Last week CBS promoted Nina Tassler from President to Chairman of CBS Entertainment. For me as a local CBS programmer this was the best news of the week and maybe the entire year.

There is no other network television entertainment executive today that is more savvy and successful than Tassler in a world of hundreds of channels, multiple viewing distribution options, and vastly different viewing patterns from the past.

CBS began providing a full prime time schedule for stations in 1948, many of which had been on network radio or programs produced by CBS News. Jack Benny had 15 years on TV with a weekly show after a successful network radio career. Groucho Marx and Lucille Ball, whose theatrical film careers had dried up in the 1940‘s, moved to network radio and then took their shows to TV. Hubbell Robinson was one of the early CBS Television programmers who later produced the show Thriller for NBC.

By the late 1950’s, network radio was dying due to television’s rapid growth. When it changed to national radio news service in the 1960’s, the job of network television programming became more high profile yet increasingly complicated with the stakes for success or failure higher, both in terms of advertising, audience reach, and for those in charge of that responsibility.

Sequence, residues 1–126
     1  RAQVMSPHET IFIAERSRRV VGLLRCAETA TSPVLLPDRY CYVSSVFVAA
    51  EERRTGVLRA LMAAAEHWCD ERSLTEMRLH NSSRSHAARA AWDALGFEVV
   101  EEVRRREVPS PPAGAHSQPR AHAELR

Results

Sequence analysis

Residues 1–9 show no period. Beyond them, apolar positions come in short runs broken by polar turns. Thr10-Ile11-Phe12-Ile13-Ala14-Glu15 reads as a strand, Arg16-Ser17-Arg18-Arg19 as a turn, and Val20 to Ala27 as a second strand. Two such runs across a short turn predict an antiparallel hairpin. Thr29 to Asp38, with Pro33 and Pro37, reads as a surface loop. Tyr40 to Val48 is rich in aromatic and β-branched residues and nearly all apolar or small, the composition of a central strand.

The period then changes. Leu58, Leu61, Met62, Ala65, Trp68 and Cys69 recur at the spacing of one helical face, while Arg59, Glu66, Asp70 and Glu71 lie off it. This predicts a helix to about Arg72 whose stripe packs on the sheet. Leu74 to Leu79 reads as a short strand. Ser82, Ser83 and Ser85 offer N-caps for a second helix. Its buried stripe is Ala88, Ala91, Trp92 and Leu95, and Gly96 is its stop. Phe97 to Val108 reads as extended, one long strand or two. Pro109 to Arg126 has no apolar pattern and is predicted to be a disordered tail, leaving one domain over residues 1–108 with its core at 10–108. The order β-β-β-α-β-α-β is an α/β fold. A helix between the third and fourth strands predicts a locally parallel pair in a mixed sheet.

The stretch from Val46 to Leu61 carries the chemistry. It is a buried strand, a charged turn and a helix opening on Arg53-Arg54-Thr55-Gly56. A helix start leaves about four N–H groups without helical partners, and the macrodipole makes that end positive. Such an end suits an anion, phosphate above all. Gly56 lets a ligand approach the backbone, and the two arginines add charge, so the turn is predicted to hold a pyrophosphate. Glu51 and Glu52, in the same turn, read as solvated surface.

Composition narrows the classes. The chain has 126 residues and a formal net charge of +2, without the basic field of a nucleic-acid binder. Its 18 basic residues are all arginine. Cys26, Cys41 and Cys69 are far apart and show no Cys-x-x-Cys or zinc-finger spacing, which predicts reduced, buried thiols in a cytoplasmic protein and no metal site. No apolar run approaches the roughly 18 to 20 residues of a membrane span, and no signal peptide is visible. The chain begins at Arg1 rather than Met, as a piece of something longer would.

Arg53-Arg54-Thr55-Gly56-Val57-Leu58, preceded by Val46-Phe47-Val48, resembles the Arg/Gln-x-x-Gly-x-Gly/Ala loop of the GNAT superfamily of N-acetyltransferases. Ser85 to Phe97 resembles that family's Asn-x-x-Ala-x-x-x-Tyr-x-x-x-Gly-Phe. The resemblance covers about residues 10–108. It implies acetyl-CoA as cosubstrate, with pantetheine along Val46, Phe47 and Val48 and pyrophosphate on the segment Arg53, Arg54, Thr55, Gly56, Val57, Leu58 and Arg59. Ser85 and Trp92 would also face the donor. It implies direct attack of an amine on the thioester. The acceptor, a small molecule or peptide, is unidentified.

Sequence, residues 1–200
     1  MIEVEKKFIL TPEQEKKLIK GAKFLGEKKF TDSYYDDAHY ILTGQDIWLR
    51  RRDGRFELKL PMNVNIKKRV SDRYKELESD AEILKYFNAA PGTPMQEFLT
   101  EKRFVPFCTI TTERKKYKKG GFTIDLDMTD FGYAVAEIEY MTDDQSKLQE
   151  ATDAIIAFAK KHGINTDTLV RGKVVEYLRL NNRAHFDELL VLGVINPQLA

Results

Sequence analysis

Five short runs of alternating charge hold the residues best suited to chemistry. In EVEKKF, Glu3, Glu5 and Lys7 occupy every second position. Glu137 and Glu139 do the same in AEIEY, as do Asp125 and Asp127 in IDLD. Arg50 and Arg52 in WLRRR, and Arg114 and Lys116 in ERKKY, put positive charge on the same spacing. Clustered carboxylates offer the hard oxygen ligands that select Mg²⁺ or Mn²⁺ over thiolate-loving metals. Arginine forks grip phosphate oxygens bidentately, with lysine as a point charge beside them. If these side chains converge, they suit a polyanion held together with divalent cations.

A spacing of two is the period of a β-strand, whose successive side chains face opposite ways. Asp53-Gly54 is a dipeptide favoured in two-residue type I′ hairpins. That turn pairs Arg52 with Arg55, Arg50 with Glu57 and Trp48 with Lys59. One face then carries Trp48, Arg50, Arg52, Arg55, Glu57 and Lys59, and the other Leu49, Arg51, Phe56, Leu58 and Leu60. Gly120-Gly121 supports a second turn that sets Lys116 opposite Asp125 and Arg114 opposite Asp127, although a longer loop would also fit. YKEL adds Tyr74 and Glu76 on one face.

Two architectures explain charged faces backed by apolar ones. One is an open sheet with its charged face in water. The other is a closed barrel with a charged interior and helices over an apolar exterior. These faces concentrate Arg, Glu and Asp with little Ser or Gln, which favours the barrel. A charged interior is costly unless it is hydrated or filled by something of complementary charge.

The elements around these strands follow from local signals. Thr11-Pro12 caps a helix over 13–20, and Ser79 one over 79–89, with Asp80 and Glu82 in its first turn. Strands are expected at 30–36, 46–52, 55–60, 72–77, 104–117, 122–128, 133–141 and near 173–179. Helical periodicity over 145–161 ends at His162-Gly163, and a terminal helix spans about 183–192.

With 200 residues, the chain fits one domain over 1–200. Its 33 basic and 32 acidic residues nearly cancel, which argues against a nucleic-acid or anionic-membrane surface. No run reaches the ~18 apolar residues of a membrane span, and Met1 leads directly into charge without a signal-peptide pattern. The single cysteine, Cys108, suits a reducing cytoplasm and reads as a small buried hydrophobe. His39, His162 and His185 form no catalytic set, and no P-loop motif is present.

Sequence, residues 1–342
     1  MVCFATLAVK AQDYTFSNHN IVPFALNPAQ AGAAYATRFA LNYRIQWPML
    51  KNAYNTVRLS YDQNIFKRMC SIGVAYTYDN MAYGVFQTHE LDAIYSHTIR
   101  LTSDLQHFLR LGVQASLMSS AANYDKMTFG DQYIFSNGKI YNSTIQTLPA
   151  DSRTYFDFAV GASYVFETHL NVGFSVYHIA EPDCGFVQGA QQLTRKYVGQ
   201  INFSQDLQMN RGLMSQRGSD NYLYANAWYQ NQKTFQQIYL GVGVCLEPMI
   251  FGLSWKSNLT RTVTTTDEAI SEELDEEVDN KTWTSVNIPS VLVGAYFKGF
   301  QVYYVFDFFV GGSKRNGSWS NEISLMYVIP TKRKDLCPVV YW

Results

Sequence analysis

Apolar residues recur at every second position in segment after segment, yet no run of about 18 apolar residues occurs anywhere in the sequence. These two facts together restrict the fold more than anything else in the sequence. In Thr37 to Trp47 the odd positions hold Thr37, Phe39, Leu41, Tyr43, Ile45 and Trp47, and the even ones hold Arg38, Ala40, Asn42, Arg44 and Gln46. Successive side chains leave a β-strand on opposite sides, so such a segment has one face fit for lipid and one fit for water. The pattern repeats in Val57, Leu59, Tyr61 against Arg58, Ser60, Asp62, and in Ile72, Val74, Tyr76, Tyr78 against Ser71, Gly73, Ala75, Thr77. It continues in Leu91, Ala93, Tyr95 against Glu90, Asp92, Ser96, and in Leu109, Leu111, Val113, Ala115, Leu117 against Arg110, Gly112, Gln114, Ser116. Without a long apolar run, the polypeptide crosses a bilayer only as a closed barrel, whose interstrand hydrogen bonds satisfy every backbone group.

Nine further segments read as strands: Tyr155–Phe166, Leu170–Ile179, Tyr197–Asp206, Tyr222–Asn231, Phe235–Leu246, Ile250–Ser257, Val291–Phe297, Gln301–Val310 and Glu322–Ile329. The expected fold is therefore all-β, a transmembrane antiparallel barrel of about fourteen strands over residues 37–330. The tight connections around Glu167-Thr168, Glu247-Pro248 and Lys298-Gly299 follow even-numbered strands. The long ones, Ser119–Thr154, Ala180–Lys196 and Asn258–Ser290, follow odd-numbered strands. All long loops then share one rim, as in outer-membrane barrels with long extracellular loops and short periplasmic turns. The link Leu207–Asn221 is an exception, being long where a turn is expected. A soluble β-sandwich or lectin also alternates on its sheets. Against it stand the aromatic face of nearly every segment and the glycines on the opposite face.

As a local programmer since 1984, my job is to acquire the best syndicated programming and then schedule it in the best time period that attracts the highest audience possible and the highest advertising rates. What constitutes “best” is subjective at times because we never know how a new show will work until we schedule it. Oftentimes the pilots we see from program distributors don’t look anything like the final version that is launched. But the role of a network programming executive is more than what we do locally.

In a nutshell, network entertainment divisions typically have mid-level executives who report to the top entertainment executive that have expertise in different genres of filmed entertainment: drama, comedy, reality, alternative programming, specials, etc. It’s very similar to a radio corporate programming structure for overseeing formats like all news or CHR/Top 40. Some executives are responsible for certain “dayparts” or time periods such as CBS Daytime or CBS Late Night. The individuals holding these positions are those who typically have creative backgrounds, know good writing, character and storyline development, and good talent, and work closely with the producers of these shows. CBS News and CBS Sports are separate divisions within CBS who supply programming to the Network and are overseen by other non-entertainment executives.

CBS continues to have the most stable lineup of programming of any network, but there are at times instances when new shows are green lighted, scheduled for air, yet fall short of the Network’s expectations for success for any number of reasons. Successful networks like CBS always plan for some fallout during a season in the event something doesn’t work out as planned originally, and then they are ready to execute Plan B!

When it comes to prime time entertainment on TV, no one does it better than CBS Entertainment and Nina Tassler. See you next time.

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